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Harbor Point air monitoring plan approved

The air construction monitoring plan for the $1 billion Harbor Point development has been approved by state and federal environmental agencies, paving the way for limited construction to begin.

Photos of the Harbor Point site from the Legg Mason Building. (Maximilian Franz/The Daily Record)

Photos of the Harbor Point site from the Legg Mason Building. (The Daily Record/Maximilian Franz)

The Environmental Protection Agency and the Maryland Department of the Environment sent letters to the project’s developer, Beatty Development Group, on Thursday announcing their decision.

“During construction, all air monitoring will be done under the supervision of both EPA and MDE, and they will make frequent visits to the site,” Marco Greenberg, Beatty’s vice president of development, wrote in an email.

He said the company is committed to keeping residents informed and will be posting air monitoring results to the development’s website, harborpointbaltimore.info.

Construction activities in preparation of penetrating a 5-foot-thick cap meant to prevent chromium leakage on the site can begin, but the cap cannot be punctured until the agencies complete a more comprehensive review of data. The cap must be punctured with beams so the planned 23-story regional headquarters for energy giant Exelon Corp. can be built as part of the mixed-use development.

Pollution issues at the site date back to the 1800s, when it was home to the Baltimore Chrome Works Facility. Chromium ore was processed on the site until 1985. Chromium particulates at excessive levels are toxic.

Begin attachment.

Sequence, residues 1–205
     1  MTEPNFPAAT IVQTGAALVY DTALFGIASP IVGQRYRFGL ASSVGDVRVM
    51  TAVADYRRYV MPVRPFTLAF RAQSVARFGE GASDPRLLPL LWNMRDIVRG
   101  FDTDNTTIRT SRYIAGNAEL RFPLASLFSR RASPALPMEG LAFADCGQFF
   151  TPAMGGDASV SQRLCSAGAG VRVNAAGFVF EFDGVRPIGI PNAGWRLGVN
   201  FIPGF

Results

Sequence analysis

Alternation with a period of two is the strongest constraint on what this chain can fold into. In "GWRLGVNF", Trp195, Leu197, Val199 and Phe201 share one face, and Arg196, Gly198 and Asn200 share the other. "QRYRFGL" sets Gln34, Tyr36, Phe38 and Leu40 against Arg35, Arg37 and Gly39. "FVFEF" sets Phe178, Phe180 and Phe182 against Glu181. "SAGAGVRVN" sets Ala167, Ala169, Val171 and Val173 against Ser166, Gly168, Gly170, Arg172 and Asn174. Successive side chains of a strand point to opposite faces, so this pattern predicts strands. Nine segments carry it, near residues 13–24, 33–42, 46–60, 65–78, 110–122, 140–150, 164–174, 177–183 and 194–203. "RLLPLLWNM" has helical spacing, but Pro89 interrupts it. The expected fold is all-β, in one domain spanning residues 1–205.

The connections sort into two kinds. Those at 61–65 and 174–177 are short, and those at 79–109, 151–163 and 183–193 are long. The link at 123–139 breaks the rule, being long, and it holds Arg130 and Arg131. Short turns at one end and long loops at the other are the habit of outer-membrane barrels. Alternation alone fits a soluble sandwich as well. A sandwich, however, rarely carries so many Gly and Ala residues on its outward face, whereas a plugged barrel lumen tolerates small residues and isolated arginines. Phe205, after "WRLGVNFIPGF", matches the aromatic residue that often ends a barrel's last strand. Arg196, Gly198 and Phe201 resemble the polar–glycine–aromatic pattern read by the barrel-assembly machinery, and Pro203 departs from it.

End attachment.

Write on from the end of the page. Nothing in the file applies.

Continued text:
The project has been criticized by some residents because of environmental concerns as well as the use of tax increment financing to help pay for the development.

The air construction monitoring plan was developed after air quality was monitored on the site for 15 days earlier this month. The background air monitoring program was tracked 24 hours a day for chromium particulate and dust levels at the Harbor Point site, the National Aquarium and the Baltimore fire station in Old Town.

“Based on consultation with the U.S. Environmental Agency and after review of the Pre-Construction Air Monitoring Program data, MDE will determine the particulate action level. This level would be used during construction to trigger dust suppression activities, including work stoppage as described in the [Standard Operating Procedure for Response Actions and Notifications to Action Level Exceedances],” according to Maryland’s letter to the developer.

MDE CAM Approval 3-27-14